Farming as we know it is an age old practice and has been feeding us since time immemorial. But the organic farming concept is currently booming here, with a lot of professionals venturing into this field – be it by quitting their secure job for this or taking it up part-time. The fact is a lot of farmers in the rural areas are using chemical fertilisers, pesticides and hormone applications in their farms, due to a lack of knowledge, and also to get early and abundant produce. The passionate folks we spoke to believe that the time has come for us to take the organic route, and spread this knowledge to the rural farmers as well. This will not just benefit the farmers, but the consumers, too. The more organic and natural the produce, the safer and healthier it is for us and for the environment.
Here are a few people from India who have traded their lives of being in a cubicle to a life on an organic farm. Meet these folks and read why they have never regretted their decision, and be inspired by their mantra to live well while doing good.
Gaytri Bhatia – Vrindavan Farm
Three years ago, Gaytri Bhatia quit her seven-year-old job as an Environmental Analyst to the US Environmental Protection Agency (EPA) to take up farming. “I decided to flip the top-down approach and started my endeavour in food, working bottom-up,” says Bhatia, who runs an organic Vrindavan farm in Wada, which is near Mumbai. And why she took the plunge? “It's when I heard the words like ‘DDT’, ‘urea’, ‘round-up’, from the farmers of my community, farmers that knew very few words in English, that I became absolutely committed to the work,” she states.
Brought up in Mumbai, Bhatia believes that farming is a lifestyle, and she is a grower and works round the clock. She quickly adds, “It's hard to be a part-time farmer. To be a grower requires dedicated care and nurture during a crop's cycle. Typically, part-time means someone else is working the earth.” Including herself, they are a team of seven members. While she personally grows in select seasons, she leaves the growing to a team during others. She grows fruits, herbs, and some vegetables, including many indigenous species. At her farm, she encourages species biodiversity, heirloom seed selection, home-brewed fermented manures as soil feed, fermented teas as sprays, celestially harmonious sows and crop rotation – Bhatia tries to combine indigenous wisdom with modern day knowledge.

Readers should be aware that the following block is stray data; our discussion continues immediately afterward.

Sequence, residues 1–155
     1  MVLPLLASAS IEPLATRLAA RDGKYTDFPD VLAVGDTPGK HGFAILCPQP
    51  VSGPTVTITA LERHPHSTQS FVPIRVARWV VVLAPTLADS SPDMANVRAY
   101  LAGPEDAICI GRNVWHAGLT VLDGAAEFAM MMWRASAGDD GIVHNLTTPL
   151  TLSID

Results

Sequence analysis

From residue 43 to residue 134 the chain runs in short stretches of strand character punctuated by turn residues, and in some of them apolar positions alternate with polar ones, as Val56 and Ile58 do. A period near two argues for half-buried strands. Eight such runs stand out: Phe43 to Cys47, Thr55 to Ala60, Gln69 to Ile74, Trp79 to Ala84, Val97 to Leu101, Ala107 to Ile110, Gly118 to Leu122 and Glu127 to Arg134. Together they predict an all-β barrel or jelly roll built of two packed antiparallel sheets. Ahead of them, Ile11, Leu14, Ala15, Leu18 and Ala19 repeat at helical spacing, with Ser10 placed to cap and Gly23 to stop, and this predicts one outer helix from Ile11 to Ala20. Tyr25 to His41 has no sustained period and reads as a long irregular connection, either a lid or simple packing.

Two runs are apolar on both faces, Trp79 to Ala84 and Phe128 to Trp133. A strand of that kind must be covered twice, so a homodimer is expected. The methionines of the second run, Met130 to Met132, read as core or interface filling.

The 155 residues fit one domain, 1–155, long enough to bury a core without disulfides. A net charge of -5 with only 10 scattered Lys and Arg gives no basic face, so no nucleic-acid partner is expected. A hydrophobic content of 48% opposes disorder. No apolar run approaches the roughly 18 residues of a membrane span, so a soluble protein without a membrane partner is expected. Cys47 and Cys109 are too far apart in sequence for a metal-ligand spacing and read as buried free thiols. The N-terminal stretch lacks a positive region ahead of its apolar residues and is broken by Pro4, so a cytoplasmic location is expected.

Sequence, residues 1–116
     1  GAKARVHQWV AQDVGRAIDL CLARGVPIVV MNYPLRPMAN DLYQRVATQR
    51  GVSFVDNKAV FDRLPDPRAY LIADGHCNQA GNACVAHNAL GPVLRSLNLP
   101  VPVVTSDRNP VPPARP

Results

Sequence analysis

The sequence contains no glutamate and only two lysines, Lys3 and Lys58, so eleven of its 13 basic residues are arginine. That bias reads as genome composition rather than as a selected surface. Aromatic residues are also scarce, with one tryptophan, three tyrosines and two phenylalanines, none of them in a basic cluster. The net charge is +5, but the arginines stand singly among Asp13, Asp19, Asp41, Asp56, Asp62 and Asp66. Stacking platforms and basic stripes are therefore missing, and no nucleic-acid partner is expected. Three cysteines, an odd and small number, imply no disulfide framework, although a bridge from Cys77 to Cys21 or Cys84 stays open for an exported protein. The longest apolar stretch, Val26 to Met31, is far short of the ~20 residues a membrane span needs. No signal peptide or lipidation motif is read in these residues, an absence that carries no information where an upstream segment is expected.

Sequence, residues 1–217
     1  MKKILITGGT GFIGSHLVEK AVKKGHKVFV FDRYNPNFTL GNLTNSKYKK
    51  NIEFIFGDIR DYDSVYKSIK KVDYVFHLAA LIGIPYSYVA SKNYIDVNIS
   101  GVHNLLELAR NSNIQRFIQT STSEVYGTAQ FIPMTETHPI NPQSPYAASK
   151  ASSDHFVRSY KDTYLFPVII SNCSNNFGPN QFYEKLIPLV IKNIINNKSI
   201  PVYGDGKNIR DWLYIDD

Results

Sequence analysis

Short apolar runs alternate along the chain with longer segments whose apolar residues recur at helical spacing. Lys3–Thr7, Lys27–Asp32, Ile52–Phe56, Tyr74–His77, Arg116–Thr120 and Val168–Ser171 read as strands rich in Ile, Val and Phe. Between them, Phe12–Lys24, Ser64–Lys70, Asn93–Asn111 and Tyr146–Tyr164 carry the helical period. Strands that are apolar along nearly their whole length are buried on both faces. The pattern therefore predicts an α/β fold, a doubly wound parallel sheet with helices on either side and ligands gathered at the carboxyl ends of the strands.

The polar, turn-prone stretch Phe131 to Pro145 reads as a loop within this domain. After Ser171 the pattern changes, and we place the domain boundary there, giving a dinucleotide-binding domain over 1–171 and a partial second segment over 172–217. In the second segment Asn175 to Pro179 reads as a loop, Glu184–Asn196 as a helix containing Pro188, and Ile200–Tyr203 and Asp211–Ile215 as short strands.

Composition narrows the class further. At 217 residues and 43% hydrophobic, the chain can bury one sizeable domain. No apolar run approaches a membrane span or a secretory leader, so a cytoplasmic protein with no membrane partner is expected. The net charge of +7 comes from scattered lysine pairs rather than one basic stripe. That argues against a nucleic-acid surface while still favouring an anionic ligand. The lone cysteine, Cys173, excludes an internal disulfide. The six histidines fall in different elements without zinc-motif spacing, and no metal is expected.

Bhatia thinks that we're in a pretty scary place with agricultural practices in India today. “Seed manufactured by poison experts Monsanto, food injected with oxytocin to reduce growing time by a third, and simultaneously, we're more interested in apples from Washington as opposed to the lovely ones from Himachal. Food should speak of a season, of a climate zone, of a land, of a people. There is a unique story behind each ingredient. If we're looking to keep a healthy populous and earth. I sure hope organic and beyond becomes the standard,” she says, with a concern. Further, she wants kids to have experiential education in food and the earth - from touching a seed, planting it, to nurturing it. “Education on what it takes to bring the single grain of rice into being and to our plate.”
Besides working in the farm, she also spends time (since 2013) in the Himalaya, as a backpacking Instructor with the National Outdoor Leadership School (NOLS), and teaches First Aid across India, with the Hanifl Center, Woodstock, Mussoorie.
For More Details: Vrindavan Farm Fb, vrindavanfarm.com
George Varghese And Susheela – No Man’s Land Farm
George Varghese and his wife Susheela had been wanting to live a land based, rural life and wanted to grow their own food and become more self-reliant. This interest led them to move to their farm in 2007. To concentrate on farming, George quit his IT job in Australia and Susheela completed her Masters of Environment from University of Melbourne, and then moved to India. “There was a disconnect between the corporate life and lifestyle that the IT job came with and the rural lifestyle that we wanted to embrace. Being in a rural place, our lives were greatly simplified and our consumption and needs came down greatly. So it didn't require a corporate salary to support it. We felt that we could support this simplified lifestyle from farming. We now feel more secure in this lifestyle, than we ever did while working at a 'secure' job,” says George, smiling.